If you have been curious about exploring Cuba but unsure where to start, take a direct flight to the Denver Museum of Nature and Science (DMNS). The new exhibit–¡CUBA!–opened on October 26 and is as close as you can get to Cuba without booking air travel. Organized by the American Museum of Natural History, the exhibit places special emphasis on Cuba’s natural resources, but also touches on Cuban history and culture. The lively and interactive exhibit will surely have you looking for the next opportunity to visit this fascinating Caribbean nation. https://vimeo.com/297357075
Though we tend to think of Cuba as the largest island in the Caribbean, in reality our neighbor—only 94 miles from Florida—is actually comprised of over 4,000 islands. The nation is the site of tremendous biodiversity, including some animal and plant species not found anywhere else. Geopolitical shifts in the wake of the 1959 Cuban Revolution inadvertently served to protect some of these natural resources, as tourism and other activities were restricted by the socialist regime. Today, the hemisphere’s richest coral reefs, wetlands, and cave systems are within Cuba, and make for unique travel experiences.
DMNS Early Childhood Education Specialist Cybil Holmes says DMNS wanted to go beyond the exhibit curated by the American Museum of Natural History and add some Colorado touches. To that end, DMNS interviewed several Denver residents of Cuban descent. These Denverites shared memories as well as objects that speak to them of their country of origin, lending an intimate and local perspective on the Cuban diaspora. DMNS also met with representatives from Denver’s Cuban population to better stage the exhibit, which includes Cuban percussion instruments and a small stage. The experience is complemented by Cuban fare in the T-Rex Café.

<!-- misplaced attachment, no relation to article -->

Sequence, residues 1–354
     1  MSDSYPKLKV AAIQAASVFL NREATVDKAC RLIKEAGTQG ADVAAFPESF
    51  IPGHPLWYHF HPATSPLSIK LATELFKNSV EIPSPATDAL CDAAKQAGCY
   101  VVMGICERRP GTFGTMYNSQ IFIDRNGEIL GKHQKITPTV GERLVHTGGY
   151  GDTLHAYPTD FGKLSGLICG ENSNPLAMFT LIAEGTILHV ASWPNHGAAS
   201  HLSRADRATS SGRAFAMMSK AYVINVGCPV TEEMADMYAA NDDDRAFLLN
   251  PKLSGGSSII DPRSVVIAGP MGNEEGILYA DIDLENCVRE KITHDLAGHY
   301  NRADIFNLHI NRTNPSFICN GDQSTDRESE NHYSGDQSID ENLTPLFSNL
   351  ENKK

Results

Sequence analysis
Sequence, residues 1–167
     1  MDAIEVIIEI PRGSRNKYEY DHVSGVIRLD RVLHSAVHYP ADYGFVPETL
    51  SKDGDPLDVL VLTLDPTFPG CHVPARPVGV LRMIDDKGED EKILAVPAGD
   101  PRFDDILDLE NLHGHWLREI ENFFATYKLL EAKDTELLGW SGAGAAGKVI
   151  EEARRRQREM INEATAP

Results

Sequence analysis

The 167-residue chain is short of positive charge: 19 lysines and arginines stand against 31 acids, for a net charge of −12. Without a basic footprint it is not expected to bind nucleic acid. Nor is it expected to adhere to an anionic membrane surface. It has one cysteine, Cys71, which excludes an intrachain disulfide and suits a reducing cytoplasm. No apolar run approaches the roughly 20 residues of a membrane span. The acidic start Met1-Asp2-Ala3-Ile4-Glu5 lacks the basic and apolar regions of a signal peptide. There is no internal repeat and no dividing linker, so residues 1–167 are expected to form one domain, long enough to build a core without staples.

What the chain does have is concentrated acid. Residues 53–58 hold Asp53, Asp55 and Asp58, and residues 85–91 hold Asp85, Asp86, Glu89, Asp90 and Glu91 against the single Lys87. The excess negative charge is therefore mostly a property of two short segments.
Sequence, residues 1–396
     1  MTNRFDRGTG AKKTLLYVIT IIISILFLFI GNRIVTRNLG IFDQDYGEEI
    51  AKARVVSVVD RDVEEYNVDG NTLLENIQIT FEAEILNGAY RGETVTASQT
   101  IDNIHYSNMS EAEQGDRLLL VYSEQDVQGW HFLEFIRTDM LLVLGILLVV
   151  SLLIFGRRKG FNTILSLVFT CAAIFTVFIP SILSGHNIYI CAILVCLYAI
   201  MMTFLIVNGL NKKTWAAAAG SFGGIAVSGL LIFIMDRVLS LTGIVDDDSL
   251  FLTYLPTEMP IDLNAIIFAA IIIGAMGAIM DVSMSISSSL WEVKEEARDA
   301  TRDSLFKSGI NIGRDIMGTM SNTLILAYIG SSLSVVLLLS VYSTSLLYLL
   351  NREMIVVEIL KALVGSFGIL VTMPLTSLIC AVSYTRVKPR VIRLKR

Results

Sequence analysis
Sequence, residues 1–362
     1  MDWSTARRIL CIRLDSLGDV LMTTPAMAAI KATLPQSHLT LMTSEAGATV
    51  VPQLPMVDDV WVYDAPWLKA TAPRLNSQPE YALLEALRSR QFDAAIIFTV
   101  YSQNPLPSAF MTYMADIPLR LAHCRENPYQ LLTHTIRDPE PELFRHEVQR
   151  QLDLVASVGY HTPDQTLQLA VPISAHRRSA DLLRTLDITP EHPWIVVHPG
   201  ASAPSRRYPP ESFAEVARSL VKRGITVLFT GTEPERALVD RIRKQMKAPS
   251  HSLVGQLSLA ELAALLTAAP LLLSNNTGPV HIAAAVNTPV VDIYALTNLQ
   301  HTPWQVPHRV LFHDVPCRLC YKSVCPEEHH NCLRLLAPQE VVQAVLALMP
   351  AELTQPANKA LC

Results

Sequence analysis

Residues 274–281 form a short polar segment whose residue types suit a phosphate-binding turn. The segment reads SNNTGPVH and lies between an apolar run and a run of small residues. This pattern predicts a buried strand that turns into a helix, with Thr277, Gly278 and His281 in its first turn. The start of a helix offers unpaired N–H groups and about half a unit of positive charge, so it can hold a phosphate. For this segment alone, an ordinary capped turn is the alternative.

Though uncertainty about U.S. policy has left many U.S. travelers reticent to go to Cuba, prior to the 1959 Revolution that brought Fidel Castro to power, the two peoples enjoyed an exceptionally close relationship. Wealthy Cubans owned homes in Florida and sent their sons to be educated in the U.S. Cuban patriot José Martí lived in New York City and raised money and sympathy for the island’s independence movement, and baseball became the national pastime in both countries. The DMNS exhibit shares some of this love for baseball among its many interactive and kid-friendly displays.
The Cuban Revolution profoundly transformed Cuban society, greatly limiting civil discourse and economic freedoms while also improving healthcare and education, especially in rural areas. Displeasure with the new regime’s nationalization of U.S.-owned properties in Cuba led to President John F. Kennedy’s 1962 ban of all Cuban imports to the U.S. This expansion of the 1960 embargo took effect just a few hours after JFK had placed his order for 1000 Cuban Petit Upmann cigars with the White House Press Secretary.
The ongoing U.S. trade embargo led to some of the features we associate with Cuba today, including local ingenuity maintaining 1950s-era U.S. cars. You can see a 1957 Chevrolet BelAir and a bicitaxi—a Havana version of the pedicab—at the DMNS along with other elements of popular culture.
¡CUBA! runs through Jan. 20, 2019 and is included with your regular DMNS admission. Speakers, performances, and special events to satisfy any armchair traveler, including an adults-only “Night in Havana” on Nov. 9, can be found at http://www.dmns.org/cuba/.